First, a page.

Dairy Economists Cautiously Optimistic for Second Half of 2019—and Beyond
June’s milk production and dairy product stocks reports all are signs of much better milk prices for the rest of 2019 and beyond, say University of Wisconsin dairy economists Bob Cropp and Mark Stephenson.
In their monthly podcast following the reports this week, Cropp notes that milk production was down 0.3% in June. Cow numbers were down 10,000 head from May, 29,000 from January, and 91,000 from a year ago.
He also notes that butter stocks are down 2.6%. American cheese stocks are also down 2.6% with total cheese down a half percent.
And while milk powder exports are down 11% and butterfat sales are down 41%, cheese exports are up 9% higher than a year. Because of the tariff brouhaha with Mexico, U.S. cheese sales there have dropped 7%. (Those tariffs have now been lifted, which means cheese sales to Mexico could resume by the fourth quarter.) Fortunately, too, sales to Southeast Asia, Japan and South Korea in particular, have made up the loss of sales to Mexico this year. The biggest problem remains China, with U.S. dairy exports there down by two-thirds.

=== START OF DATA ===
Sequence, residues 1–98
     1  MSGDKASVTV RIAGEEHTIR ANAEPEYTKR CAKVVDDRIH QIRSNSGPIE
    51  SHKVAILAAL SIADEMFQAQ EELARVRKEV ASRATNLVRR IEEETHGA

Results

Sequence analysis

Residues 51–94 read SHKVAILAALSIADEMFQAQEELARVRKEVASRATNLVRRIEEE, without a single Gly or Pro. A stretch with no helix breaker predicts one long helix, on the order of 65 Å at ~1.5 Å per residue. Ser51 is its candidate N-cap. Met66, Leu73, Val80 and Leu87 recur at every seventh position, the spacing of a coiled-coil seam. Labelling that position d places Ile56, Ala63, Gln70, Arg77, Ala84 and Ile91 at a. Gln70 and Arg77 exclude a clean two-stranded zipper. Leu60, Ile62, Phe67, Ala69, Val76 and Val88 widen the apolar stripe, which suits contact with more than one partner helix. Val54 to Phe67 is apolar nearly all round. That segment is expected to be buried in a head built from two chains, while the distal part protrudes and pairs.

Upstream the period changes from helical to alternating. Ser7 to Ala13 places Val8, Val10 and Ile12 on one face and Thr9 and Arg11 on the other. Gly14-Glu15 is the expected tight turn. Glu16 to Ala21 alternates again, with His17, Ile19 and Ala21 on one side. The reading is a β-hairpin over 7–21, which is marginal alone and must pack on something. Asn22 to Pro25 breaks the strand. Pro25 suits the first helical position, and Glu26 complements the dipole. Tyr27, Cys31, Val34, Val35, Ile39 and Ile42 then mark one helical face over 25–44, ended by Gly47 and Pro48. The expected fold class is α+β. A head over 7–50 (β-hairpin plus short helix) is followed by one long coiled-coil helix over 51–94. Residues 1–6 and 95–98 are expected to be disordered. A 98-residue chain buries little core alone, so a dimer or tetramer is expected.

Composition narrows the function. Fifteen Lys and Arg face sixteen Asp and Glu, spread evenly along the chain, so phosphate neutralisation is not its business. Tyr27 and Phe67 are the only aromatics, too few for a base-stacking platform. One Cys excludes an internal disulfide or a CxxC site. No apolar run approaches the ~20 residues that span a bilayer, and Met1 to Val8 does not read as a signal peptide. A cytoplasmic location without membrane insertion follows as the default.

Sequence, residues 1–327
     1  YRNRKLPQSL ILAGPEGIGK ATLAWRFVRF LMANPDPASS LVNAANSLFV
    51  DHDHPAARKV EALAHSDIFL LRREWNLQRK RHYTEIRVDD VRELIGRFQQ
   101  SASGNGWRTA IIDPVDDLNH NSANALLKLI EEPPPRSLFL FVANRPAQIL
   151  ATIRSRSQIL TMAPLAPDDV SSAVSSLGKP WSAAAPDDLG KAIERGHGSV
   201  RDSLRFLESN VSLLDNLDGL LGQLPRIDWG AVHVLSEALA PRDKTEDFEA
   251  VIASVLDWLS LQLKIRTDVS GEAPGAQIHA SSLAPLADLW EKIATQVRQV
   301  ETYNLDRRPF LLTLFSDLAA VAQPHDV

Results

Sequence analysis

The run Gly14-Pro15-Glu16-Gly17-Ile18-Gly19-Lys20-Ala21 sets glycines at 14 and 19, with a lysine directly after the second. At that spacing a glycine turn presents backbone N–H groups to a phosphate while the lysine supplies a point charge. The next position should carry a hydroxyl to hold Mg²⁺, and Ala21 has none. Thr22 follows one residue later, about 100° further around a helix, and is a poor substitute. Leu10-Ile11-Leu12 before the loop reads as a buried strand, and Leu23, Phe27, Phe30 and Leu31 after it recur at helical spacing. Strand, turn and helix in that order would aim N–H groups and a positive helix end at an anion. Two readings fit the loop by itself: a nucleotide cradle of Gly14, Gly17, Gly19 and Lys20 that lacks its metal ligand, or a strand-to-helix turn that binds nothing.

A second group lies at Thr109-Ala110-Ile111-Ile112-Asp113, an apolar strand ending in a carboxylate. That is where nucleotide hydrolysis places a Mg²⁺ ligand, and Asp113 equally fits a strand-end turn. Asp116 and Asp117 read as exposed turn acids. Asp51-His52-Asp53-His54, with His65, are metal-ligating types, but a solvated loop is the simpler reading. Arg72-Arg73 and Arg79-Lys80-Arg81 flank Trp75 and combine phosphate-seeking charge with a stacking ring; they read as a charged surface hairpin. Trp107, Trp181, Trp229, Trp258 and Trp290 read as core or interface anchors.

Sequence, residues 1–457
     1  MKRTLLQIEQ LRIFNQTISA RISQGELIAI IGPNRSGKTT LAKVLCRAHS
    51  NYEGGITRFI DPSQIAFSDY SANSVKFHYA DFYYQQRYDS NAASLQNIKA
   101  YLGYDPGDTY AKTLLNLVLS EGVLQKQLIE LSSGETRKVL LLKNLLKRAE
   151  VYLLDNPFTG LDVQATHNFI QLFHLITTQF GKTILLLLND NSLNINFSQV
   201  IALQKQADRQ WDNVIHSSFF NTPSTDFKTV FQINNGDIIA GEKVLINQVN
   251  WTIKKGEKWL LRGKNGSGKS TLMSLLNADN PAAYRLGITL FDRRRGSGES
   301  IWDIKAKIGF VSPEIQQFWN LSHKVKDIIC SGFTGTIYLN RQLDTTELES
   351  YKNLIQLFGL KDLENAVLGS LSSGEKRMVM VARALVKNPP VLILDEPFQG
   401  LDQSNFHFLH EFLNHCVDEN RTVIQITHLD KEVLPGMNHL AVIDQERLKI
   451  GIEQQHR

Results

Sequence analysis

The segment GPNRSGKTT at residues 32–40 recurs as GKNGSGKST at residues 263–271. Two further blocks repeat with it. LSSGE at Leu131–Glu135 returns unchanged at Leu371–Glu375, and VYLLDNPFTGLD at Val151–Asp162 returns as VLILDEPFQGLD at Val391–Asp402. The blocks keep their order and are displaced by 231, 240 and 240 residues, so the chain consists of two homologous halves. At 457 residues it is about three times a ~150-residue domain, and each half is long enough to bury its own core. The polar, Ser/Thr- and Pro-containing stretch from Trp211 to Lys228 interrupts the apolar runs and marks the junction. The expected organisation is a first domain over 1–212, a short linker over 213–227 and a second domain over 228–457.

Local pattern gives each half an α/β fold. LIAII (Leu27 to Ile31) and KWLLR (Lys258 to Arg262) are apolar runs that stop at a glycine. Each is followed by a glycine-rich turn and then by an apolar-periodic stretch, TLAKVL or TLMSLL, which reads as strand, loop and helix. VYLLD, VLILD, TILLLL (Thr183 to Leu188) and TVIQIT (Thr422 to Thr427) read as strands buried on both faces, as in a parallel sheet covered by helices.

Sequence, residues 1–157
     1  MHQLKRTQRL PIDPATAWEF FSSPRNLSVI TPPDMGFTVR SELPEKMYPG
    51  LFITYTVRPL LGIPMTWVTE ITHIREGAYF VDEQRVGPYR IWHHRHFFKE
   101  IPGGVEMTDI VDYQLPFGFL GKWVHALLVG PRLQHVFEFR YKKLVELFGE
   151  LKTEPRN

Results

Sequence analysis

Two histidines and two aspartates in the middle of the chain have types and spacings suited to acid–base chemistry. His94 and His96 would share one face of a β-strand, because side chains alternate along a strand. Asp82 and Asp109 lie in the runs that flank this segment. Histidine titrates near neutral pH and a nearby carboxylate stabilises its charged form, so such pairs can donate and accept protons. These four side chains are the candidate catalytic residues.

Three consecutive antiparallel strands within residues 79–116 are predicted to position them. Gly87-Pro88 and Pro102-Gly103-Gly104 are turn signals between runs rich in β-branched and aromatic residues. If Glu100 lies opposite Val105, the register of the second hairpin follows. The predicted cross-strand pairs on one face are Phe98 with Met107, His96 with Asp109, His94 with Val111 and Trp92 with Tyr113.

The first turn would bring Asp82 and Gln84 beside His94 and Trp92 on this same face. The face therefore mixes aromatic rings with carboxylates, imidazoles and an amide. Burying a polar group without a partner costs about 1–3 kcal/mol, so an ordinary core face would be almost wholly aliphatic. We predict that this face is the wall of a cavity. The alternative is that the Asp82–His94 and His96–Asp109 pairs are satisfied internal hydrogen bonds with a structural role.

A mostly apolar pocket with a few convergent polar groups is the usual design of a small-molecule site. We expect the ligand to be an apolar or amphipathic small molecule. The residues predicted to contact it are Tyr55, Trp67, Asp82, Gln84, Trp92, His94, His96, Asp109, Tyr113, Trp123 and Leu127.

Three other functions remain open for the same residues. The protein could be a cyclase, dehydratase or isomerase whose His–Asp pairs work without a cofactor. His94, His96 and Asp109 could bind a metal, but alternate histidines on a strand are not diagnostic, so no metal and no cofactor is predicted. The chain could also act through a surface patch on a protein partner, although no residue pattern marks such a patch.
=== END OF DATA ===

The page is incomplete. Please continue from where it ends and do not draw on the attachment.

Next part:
“This trade stuff is a little like musical chairs,” says Stephenson. When sales are closed in one place, exporters have to find new markets. It tends to work out eventually, he says, but it is disruptive to trade flows.
The good news in all of this, say both Cropp and Stephenson, is that milk prices are rebounding. Cropp expects Class III prices to stay above $17 this summer and reach $18 by the fourth quarter. He expects prices to be 50₵ to $1/cwt higher next year. Prices may dip to $16 in the first quarter of 2020, but then rebound above $17 for the rest of the year.
Stephenson is even more optimistic. For one thing, farmers won’t be able to afford large capital expenditures next year as they rebuild their balance sheets, he says. Plus, heifer numbers are a couple of percent lower than normal.
“I’m not looking at another 2014 (when all-milk prices averaged $24),” he says. But he expects the all-milk price to reach $18.50 early next year, go over $19 in the second quarter, and top $20 by the third quarter.
“It’s possible,” says Cropp. “Forage quality is a problem and feed prices will likely be higher next year.”
On a final note: Stephenson and Cropp are urging dairy farmers to sign up for Dairy Margin Coverage (DMC) if they have not yet done so. Stephenson notes that the DMC payments for the first five months of 2019 (along with the premium discount) are almost enough to provide $9.50 coverage for Tier 1 production for all five years of the program.
“It’s not a bad thing to just do that and know you’re protected for the next five years,” he says.
You can view all of their podcast here.